It seems every time I talk about the criminal justice system with Americans, the "Well, if they did something wrong, they should expect to be punished!" argument comes up to justify pretty much whatever. Criminals are the scum of the Earth and cause everything bad to happen, I get it, but let's stop and think about how we define the real criminals who get sent to prison in the US. We clearly don't send every single person who breaks a law to prison. Like everything, it's all about the money:
It's this sort of thing that explains why hate crimes legislation got through in several months with a Democratic House, Senate, and White House, while ENDA languished - one was about making sure the riff-raff got sent to prison, while the other gives workers the right to sue their employers.
I'm reading a history book right now about the American Revolution and it's actually surprising to me, as someone in 2011, how many rebellions freed everyone from prison. A group of farmers rises up against the British - they free everyone from prison. A group of soldiers rises up against the continental government - they free everyone from prison. Shays and his compatriots rise up against the nascent government of Massachusetts - they free everyone from prison.
There's plenty of revolution rhetoric nowadays, mostly coming from the far-right. But if they ever did anything organized and violent against the government, I doubt they'd free everyone from prison. Could you imagine the Tea Party types following through with their revolution rhetoric and busting into a state penitentiary and just assuming that everyone in there would join them?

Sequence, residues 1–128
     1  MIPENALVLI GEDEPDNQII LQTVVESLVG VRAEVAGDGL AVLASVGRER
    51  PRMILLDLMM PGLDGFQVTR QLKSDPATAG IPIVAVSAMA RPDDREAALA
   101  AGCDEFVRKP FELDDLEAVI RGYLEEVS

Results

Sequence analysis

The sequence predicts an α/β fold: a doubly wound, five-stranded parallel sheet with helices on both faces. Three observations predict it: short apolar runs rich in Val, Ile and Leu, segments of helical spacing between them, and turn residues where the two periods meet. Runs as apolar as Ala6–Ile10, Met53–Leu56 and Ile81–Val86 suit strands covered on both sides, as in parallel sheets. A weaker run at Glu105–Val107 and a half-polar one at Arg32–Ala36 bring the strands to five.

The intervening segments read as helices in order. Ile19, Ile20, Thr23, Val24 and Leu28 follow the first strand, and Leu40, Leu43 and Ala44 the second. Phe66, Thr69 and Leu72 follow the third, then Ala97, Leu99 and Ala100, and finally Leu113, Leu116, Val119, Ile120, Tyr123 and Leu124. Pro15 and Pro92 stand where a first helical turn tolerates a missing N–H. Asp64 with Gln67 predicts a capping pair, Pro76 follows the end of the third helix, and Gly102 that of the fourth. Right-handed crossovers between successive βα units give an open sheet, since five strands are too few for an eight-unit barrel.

There are lots of complicated reasons for the change, not the least of which is racism, both personal and institutional. But I think a related problem, one reason racism is able to flourish, is a lack of clarity about who's to blame, about who's really causing the pain in people's lives and how they're doing it. My father-in-law is visiting, a man who never got to high school and worked in factories his whole life, and he was just telling me that the attacks on the French pension system (like attempts to raise the retirement age) are just the rich trying to steal money from workers. The first conversation I had with my mother-in-law a couple years ago, a woman who never made it past the third grade, was about how businesses leave the first world move just to exploit more disorganized workers elsewhere.
Does the average worker interested in politics in the US have the language to discuss these issues without talking about Democrats and Republicans, liberals and conservatives? Does the average French worker who's 30 have that sort of clarity? One of the smartest things the elites ever did was get the middle classes to hate the lower classes, and all of us to hate the person of the other political persuasion. It provides a decent buffer for them and keeps the rest of us unclear, fighting amongst ourselves for limited resources.
And we all hate the people in prison - obviously it's their fault we experience any pain at all.